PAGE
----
Plans have been in the works for several years
By Ann McCreary
Construction is expected to begin in September on recreational trails in both Twisp and Winthrop, with the goal of completing the trail segments this fall.
The towns have awarded separate contracts for the trail segments to a local company, Lloyd Logging Inc., the only bidder for each job.
In both Twisp and Winthrop, plans for the trails have been underway for years. The stretches to be completed this year are part of longer trail systems envisioned in each community.
In Winthrop, the project is the second phase of the Susie Stephens Trail. This phase will connect to the existing trail, which extends from its start near the Methow Conservancy office and crosses Methow River on the Spring Creek Bridge, ending at Little Star Montessori School.
The new segment continues from Little Star past the Wellness Center and Jamie’s Place, then follows the Foghorn Ditch southeastward almost to Highway 20. The total length of the trail will be just about 1 mile when the new segment is completed, said Rocklynn Culp, Winthrop town planner.
The project also includes a crossing with pedestrian warning signs at White Avenue near Winthrop Physical Therapy, safety signage along the existing and new trail, a split rail fence to replace ecology blocks along Norfolk Avenue (next to Little Star school), and paving three accessible parking places adjacent to the trail at the Town Trailhead. The first segment of ADA-compliant trail is 12 feet wide, and the new stretch will be 10 feet wide.
The Winthrop Town Council approved a contract Aug. 10 not to exceed $338,922 to Lloyd Logging for the trail construction. Among other funding, Winthrop received a $180,000 grant for the project from the state Recreation and Conservation Office (RCO), said Culp.
The trail segment will end about 20 feet from the edge of Highway 20 just south of the Friendship Church, Culp said. That is because the town has been unable to secure a right-of-way across a small wedge of privately owned land between the end of the trail and the highway.
“We’ve been trying to get them [the property owner] to respond for years,” Culp said. The owners are not local “and have not responded to the town’s inquiries,” she said.
Ultimately, the town would like to be able to extend the trail to the highway to provide access to businesses on the other side. The long-range goal would be to extend the trail from town to the public school campus, if easements could be acquired, Culp said.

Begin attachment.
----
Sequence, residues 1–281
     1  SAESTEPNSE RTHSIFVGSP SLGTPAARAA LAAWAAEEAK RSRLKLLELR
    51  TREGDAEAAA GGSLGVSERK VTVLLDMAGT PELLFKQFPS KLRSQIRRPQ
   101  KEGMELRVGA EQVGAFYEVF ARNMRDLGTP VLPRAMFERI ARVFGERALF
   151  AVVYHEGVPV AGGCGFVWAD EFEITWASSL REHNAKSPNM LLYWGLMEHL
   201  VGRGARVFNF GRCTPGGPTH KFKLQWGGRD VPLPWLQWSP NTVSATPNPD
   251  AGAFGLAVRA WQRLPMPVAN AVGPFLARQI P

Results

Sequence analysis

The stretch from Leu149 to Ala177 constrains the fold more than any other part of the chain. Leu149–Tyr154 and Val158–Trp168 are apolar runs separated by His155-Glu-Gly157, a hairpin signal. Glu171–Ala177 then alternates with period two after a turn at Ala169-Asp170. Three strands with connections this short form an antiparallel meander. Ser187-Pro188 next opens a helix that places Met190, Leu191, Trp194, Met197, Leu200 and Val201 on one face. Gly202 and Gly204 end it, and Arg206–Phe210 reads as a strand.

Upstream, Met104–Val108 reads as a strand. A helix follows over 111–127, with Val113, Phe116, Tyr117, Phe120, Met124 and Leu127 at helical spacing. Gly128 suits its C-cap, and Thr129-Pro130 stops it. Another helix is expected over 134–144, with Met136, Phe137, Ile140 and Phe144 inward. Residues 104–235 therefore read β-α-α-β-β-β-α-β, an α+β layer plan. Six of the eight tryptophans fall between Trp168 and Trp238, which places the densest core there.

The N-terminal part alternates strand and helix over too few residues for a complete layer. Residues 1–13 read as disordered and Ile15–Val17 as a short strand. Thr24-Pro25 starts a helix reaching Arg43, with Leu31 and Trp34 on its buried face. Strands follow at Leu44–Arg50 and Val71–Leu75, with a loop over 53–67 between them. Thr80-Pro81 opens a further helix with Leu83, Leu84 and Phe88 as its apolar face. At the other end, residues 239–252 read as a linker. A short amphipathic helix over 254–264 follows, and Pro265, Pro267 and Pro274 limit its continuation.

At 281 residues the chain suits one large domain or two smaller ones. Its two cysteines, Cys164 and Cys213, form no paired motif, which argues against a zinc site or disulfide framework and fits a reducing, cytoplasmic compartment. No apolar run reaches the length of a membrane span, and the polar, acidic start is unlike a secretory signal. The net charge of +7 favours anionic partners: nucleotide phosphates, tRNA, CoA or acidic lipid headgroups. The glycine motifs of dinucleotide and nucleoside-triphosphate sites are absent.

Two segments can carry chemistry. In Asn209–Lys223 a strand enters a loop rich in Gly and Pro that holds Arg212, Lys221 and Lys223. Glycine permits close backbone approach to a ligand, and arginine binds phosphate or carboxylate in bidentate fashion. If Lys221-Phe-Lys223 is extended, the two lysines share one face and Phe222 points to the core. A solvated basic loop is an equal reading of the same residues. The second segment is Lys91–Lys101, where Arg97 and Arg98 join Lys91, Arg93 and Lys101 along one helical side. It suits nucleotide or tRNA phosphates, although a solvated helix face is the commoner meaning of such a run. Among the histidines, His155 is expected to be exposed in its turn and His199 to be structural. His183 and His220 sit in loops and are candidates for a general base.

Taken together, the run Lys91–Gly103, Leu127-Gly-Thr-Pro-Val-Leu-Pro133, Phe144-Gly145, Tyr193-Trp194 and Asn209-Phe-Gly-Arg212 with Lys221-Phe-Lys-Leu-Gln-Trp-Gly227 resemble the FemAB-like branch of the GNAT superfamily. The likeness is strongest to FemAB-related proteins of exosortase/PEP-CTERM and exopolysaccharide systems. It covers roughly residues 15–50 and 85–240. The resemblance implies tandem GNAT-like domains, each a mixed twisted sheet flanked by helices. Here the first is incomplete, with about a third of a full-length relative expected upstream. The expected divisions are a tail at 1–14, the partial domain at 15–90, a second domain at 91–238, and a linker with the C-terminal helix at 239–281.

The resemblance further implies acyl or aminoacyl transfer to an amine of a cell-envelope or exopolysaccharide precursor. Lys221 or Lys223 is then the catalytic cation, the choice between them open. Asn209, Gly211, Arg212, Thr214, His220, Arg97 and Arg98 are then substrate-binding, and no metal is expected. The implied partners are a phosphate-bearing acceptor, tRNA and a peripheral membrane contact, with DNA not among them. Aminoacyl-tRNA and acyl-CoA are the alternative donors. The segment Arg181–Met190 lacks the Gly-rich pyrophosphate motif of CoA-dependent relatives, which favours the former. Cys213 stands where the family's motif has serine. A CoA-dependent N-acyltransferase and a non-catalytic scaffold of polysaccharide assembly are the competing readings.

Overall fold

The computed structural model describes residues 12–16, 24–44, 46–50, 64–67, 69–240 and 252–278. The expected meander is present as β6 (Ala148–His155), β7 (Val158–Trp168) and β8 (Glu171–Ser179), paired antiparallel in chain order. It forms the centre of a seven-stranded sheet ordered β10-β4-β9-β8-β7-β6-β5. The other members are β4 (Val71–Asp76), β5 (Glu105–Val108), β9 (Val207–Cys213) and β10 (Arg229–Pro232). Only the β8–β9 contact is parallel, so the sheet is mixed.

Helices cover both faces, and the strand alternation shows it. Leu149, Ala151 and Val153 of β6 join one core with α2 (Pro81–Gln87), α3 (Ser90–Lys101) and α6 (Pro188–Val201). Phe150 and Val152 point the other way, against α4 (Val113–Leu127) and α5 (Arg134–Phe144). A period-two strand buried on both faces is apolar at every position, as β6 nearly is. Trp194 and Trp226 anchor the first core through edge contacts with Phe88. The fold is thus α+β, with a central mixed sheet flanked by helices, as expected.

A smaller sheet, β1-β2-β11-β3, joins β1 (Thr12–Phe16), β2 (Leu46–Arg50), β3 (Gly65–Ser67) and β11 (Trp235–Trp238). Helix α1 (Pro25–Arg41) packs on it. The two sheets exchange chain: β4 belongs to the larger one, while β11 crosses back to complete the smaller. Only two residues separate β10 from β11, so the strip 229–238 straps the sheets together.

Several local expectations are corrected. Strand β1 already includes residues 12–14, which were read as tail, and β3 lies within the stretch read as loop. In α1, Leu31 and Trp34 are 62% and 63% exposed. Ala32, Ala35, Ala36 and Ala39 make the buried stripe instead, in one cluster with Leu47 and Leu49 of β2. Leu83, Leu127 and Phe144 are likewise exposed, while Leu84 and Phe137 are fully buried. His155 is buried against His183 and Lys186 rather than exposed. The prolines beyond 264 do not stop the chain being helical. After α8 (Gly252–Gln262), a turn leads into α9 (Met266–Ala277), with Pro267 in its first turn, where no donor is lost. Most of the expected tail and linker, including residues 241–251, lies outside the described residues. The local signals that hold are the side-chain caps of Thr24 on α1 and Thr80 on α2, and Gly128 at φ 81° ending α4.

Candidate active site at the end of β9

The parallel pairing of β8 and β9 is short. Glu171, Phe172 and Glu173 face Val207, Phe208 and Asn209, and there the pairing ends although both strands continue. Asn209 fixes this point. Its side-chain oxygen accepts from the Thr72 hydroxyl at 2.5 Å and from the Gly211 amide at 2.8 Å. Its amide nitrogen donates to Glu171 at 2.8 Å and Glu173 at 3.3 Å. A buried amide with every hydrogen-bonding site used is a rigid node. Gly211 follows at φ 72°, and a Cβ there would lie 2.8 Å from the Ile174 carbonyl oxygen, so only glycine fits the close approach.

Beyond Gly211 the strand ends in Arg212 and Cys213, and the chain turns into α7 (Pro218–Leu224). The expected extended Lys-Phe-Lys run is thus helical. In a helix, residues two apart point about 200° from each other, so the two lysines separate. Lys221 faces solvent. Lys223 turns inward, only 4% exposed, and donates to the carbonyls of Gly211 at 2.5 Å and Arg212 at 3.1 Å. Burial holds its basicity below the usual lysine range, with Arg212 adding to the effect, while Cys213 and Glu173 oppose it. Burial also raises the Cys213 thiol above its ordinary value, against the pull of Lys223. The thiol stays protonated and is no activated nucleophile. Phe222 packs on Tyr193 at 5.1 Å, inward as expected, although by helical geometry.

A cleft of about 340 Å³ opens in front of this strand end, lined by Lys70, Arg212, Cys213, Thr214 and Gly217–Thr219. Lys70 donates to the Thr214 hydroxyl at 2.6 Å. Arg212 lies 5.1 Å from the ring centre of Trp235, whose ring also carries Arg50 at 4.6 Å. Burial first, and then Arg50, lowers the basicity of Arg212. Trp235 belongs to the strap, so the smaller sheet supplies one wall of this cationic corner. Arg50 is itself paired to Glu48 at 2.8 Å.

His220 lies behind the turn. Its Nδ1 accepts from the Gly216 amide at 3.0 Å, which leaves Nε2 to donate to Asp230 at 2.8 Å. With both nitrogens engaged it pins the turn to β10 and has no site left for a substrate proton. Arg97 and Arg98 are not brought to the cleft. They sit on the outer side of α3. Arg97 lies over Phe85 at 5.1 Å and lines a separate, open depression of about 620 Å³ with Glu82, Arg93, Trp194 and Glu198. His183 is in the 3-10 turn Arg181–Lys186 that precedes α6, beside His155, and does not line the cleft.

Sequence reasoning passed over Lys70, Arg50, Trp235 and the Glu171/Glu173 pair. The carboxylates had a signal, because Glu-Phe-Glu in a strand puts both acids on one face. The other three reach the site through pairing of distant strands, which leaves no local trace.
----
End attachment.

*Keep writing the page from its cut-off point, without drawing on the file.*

Twisp town trail
In Twisp, the town has awarded a contract not to exceed $104,611 to begin construction of a recreational trail that will connect to a short, paved trail on the east side of Twisp Park, and extend along the Methow River to Methow Street. The length will be about 1,500 feet, said Andrew Denham, Twisp public works director.
As in Winthrop, Twisp officials have been planning a trail for several years, and received a 50 percent matching grant for design and construction from the RCO for $173,211. The town’s match was primarily in-kind labor and donations, said Clerk Jackie Moriarity.
Through a separate contract with the town, Lloyd Logging will provide $18,700 worth of in-kind services for the trail construction. The agreement, signed last year, was created to compensate the town for the withdrawal in 2015 of a promised trail easement along the Methow River on property owned by the Lloyd family, doing business as Lloyd Holdco LLC.
The easement would have allowed construction of a trail segment following the route of the former Wagner Street along the east side of the Methow River on Lloyd property. The in-kind services can include materials, labor, equipment, construction or maintenance of the trail.
Twisp’s long-term goal is to continue the trail over the bridge that crosses the Methow River on Twisp’s south end and along the river on the east side of the bridge.
Twisp officials had also hoped to begin construction of tennis courts behind the pool at the Twisp Park, but shelved that project when the construction bid came in too high, said Denham.
Lloyd Logging was the only bidder on the tennis courts, but the $128,752 bid was far over the $68,790 RCO grant the town had received to fund the project, Denham said. “At this point we’re not awarding the tennis courts,” he said.